CFOs are becoming c-suite heroes for their pandemic response, as FP&A has been thrust into the spotlight of constant scenario planning and forecasting. Uncertainty, of course, remains the name of the game, and a pile of new surveys shows that most CFOs expect that to continue. On the bright side, they also expect 2021 salaries to increase (albeit slightly), and remote work to continue driving productivity gains.
Here are a few expert opinions we’ve found helpful in the past week, and we hope you do, too.
What the Experts are Saying on FP&A
CFO: CFOs to the Rescue
Many CFOs stepped up to face the multitude of challenges companies experienced during the pandemic. A recent survey indicates increases in FP&A productivity during remote work, the acceleration of automation efforts, and constant financial modeling and scenario planning all added up to further burnish the CFO image. Whether they can maintain that position, however, depends on how well they can provide predictability amid ongoing uncertainty. “Looking ahead, the CFO is well-positioned to lead the way as an enterprise value creator.”
Healthcare benefits are a major component of every company’s employee budget. The past 4 years have seen a 6 to 7% annual increase to this line item, and while 2020 benefit costs are expected to increase at a slightly lower rate, many are forecasting costs to rise by more than 8% in 2021. That’s coupled with uncertainty on health-related costs as employees’ altered habits make it difficult to predict how these costs might shift. “People are deferring many routine medical treatments during the coronavirus pandemic, creating unexpected savings for some employers, while making it harder for companies to forecast health-benefit costs in the year ahead.”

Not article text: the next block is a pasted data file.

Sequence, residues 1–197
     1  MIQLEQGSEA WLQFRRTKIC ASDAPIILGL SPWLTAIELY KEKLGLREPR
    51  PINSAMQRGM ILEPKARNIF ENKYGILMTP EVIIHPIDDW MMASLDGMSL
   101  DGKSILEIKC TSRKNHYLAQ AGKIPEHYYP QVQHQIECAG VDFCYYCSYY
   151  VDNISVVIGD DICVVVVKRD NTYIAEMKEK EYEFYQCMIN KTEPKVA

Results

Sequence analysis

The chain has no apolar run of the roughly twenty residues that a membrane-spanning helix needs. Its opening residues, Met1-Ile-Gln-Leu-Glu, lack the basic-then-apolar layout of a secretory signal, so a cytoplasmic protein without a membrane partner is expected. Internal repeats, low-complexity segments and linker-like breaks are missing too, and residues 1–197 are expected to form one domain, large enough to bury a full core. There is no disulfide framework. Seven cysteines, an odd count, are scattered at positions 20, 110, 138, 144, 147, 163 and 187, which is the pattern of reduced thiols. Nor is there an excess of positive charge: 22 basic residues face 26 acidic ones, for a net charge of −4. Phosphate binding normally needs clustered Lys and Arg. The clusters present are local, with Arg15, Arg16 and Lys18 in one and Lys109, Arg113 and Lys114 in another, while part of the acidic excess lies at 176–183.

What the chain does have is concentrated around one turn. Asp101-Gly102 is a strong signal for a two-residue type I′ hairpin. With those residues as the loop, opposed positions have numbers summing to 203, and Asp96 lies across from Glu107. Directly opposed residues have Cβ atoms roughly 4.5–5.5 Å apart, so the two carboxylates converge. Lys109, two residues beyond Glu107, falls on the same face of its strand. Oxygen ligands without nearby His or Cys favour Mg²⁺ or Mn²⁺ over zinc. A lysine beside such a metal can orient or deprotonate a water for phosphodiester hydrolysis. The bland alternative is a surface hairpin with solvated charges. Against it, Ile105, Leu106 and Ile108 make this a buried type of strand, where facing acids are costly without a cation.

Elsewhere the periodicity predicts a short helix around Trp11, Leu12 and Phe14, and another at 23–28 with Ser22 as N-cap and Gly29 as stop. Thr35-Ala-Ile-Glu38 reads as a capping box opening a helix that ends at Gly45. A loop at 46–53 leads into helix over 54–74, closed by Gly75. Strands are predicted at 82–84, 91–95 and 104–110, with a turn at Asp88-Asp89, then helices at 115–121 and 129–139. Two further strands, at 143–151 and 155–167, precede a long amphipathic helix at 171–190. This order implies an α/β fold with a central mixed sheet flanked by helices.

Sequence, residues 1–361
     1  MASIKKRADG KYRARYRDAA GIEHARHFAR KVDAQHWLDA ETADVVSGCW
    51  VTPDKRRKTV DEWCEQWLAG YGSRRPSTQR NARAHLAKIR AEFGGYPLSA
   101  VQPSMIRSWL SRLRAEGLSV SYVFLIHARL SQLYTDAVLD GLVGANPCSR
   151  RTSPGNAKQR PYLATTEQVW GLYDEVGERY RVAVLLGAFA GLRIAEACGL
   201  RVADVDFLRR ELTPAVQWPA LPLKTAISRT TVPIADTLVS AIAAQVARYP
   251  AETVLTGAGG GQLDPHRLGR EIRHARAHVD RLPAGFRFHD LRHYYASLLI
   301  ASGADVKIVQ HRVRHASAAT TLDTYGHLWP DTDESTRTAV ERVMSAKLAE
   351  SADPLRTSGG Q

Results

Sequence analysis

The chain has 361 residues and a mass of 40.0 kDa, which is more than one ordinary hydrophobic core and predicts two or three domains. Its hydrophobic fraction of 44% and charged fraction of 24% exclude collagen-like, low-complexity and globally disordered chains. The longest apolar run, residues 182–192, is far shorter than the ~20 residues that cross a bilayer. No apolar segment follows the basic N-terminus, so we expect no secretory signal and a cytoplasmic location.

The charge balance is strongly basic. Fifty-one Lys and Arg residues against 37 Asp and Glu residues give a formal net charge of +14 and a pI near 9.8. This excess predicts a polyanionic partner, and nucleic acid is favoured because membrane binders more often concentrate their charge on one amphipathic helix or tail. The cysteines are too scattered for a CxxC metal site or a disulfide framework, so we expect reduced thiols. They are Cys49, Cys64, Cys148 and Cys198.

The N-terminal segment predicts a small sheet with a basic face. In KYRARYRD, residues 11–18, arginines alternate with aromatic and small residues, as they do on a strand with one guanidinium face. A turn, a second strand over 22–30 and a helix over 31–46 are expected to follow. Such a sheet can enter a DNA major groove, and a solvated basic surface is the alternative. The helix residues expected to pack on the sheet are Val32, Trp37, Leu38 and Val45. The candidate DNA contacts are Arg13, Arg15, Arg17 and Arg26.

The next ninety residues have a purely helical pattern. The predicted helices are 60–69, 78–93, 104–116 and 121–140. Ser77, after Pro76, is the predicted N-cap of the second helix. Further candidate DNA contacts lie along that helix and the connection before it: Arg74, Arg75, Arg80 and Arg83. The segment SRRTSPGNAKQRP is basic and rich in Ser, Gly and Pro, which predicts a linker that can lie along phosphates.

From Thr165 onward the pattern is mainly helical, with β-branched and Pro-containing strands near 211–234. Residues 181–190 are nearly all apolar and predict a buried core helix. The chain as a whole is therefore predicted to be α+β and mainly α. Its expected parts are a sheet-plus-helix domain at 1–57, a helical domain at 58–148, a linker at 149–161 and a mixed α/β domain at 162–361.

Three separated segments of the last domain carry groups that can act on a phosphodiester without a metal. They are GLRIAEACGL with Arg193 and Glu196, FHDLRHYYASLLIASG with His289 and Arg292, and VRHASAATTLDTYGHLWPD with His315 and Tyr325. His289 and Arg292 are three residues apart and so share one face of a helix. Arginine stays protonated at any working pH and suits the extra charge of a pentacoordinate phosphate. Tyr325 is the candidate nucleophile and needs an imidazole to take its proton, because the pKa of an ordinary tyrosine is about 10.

When asked about their plans back in March, three-quarters of CFOs said they expected to move at least 5% of workers to permanently remote roles. Now, after living with it for several months, they’re expecting that share to be much higher. Behind the shift, it seems, is that CFOs were initially wary of a productivity drop. But those concerns are quickly fading, and some have even seen productivity increase as much as 15%. “The CFOs in most organizations want to make sure they get the best return they can per dollar spent on employees.”
Ongoing budget concerns means raises will be smaller next year. That’s what Willis Towers Watson found in a recent survey of employers. Non-executive employees are still projected to get a 2.6% increase in 2021, and 84% of companies expect to offer pay raises. “For many companies, reducing salary budgets, and in some cases, suspending pay raises, was the most viable option, as they balance remaining competitive with maintaining financial stability.”
Stay Tuned for More Useful FP&A Content
We’ll be continuing this weekly update with links related to how FP&A and CFO’s are leading their organizations through the continuing recovery. If you have comments, questions, or suggestions, please engage with us on Twitter, LinkedIn, and Facebook.